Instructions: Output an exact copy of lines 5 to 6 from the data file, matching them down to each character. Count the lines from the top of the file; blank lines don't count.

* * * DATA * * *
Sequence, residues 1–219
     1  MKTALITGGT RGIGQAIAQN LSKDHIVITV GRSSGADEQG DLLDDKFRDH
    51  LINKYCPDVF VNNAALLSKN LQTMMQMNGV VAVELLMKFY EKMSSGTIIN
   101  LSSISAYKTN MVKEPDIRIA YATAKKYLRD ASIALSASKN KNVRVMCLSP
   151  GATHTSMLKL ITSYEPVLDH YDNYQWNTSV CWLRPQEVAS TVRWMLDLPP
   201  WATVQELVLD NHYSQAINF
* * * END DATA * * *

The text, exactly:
   151  GATHTSMLKL ITSYEPVLDH YDNYQWNTSV CWLRPQEVAS TVRWMLDLPP
   201  WATVQELVLD NHYSQAINF